Jeffrey R. Powlowsky Develops New App to Prevent Drunken Purchases
Miami, FL, May 18, 2017 (Newswire.com) - Jeffrey R. Powlowsky, a young entrepreneur and IT developer, has created a system that aims to stop people from making purchases they will regret when they have had too much to drink. He has joined forces with financial consultants to create an app that connects to an individual's credit card, stopping him or her from making strange purchases.
"The concept is quite simple," says Powlowsky. "You tell the app what you intend to drink that night, which then gets converted into units. The app is linked to wearables with a breathalyzer, which you need to use after each drink. The app then monitors how much you've had, and how that compares to what you said you would have."
Once the app notices that the user has reached the limit that has been specified, all credit cards that are linked to the app get locked. Users can indicate whether they want to stop their card for any and all payments, or only from specific businesses such as restaurants, clubs, or online auction sites. When the block comes into force, it remains in place for a 12 hour period.
Jeffrey Powlowsky explains: "In effect, the cards are blocked as soon as you activate the app, because they will only work if you use the breathalyzer and are still under the limit. If you go over the limit, you won't be able to use your cards."
To ensure that people do not get stranded after a night out, the app also has a "Help Me" feature. This is linked to the Uber app, for which payment cards will once again be unlocked. In so doing, regardless of how much people had drank, they can always get home.
Jeffrey R. Powlowsky developed the app after he wrote a thesis on digital disruption. He got together with various blue chip financial businesses and with a group of innovators, including research scientists and data scientists. He started a fintech business after graduation, and this is his first product. He says: "When I was at university, I saw just how silly people can get when they have had too much to drink, myself included. I completed a piece of research that showed 50% of people aged between 18 and 34 had made purchases while drunk that they came to regret. This prompted me to create something to prevent this from happening."
Powlowsky is currently in discussion with a variety of card providers and banks, encouraging them to sign up to the new technology. He hopes that, within the next year, the app will be rolled out across the board. His goal is to sell the app to financial institutions, who can then provide it to their customers for free. Powlowsky adds: "I have already had quite a bit of interest from card providers and banks. But mainly, I have had a lot of positive responses from regular people, who feel there really is a need for this type of app."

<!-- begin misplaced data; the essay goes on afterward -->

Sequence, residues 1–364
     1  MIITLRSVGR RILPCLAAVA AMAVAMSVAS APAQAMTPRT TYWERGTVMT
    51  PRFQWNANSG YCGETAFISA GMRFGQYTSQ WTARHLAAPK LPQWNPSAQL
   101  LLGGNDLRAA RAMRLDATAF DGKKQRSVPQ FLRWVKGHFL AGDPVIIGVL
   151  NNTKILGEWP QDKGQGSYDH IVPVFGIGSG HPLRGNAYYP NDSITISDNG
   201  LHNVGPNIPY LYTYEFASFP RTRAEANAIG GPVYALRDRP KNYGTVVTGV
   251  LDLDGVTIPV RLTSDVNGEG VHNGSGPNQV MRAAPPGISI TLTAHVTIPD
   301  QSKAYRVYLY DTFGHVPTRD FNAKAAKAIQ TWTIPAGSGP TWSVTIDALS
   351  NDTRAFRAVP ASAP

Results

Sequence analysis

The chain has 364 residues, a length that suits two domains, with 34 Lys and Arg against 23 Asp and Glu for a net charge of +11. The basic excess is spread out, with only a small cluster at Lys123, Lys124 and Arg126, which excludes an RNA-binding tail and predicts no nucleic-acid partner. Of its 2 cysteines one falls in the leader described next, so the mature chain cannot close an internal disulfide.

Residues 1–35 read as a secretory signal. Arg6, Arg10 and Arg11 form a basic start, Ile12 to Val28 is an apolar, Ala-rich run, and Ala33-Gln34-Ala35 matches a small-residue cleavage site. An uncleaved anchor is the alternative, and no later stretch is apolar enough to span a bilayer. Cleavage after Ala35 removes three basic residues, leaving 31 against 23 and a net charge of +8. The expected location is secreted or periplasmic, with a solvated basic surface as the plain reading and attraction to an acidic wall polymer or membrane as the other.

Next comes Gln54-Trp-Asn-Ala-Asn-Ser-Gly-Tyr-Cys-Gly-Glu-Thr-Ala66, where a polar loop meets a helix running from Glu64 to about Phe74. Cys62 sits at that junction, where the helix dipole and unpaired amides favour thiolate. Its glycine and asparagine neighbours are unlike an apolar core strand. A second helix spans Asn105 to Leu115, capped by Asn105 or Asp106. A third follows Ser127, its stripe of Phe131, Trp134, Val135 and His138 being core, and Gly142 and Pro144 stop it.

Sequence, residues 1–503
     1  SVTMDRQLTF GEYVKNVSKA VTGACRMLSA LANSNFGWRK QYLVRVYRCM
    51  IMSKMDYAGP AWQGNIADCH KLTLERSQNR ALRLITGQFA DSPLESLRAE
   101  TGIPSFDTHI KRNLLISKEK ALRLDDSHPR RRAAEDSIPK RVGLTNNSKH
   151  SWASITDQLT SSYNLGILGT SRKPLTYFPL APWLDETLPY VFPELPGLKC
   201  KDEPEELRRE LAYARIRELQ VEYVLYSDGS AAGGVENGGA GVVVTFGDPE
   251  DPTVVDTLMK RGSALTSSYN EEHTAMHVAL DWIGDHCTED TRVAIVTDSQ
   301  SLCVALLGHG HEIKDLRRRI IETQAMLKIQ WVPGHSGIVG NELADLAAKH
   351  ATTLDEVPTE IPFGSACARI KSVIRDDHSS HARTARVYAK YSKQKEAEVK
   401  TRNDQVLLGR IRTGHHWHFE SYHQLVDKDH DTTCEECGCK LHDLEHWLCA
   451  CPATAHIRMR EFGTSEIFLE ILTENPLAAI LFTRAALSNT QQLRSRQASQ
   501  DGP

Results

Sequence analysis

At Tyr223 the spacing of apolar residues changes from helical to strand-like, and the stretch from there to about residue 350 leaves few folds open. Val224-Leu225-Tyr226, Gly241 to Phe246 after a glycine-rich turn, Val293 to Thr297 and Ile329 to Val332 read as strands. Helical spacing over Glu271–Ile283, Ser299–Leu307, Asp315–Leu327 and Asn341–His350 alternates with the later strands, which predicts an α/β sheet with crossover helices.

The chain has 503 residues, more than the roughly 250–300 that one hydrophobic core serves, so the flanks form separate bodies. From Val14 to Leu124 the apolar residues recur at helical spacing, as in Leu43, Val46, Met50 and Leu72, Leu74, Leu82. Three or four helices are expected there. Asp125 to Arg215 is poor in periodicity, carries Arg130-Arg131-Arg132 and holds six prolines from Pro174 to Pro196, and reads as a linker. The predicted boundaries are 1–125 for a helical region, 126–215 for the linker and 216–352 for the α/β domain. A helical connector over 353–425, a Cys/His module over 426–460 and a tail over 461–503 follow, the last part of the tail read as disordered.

The app is not just a gimmick, but rather backed by science. As part of his thesis, Jeffrey completed a piece of academic research that included behavioral economics. This revealed two key themes. The first was that, when people had credit cards or other forms of 'invisible cash', they are more likely to spend more. This was confirmed by various other researchers, including prominent psychologists.
Secondly, Jeff Powlowsky found that computers are great influencers, affecting what people do and think. He worked together with a Persuasive Technology Lab on this, demonstrating that computer technology can encourage people to take out certain insurance, or stop smoking, for instance. In fact, this has been called 'Captology', which is now a recognized issue that is being extensively researched at Stanford University and other educational institutions. In fact, a Wikipedia article has already been written on the subject.
Powlowsky says: "The app I am developing is a new piece of technology that aims to change the way people behave when they are intoxicated. I want people to see it as on par with a blood sugar monitor for people with diabetes, or a blood pressure monitor for people with hypertension. The goal of those devices is to alert people about the fact that something isn't right, and this then motivates them to take a different action."
A new piece of research has recently been produced on the reasons why people overspend when they are intoxicated. This has further motivated Jeff, as it has confirmed that there is a clear need for people to have some outside help to stop them from making strange purchases.
Source: Jeffrey R. Powlowsky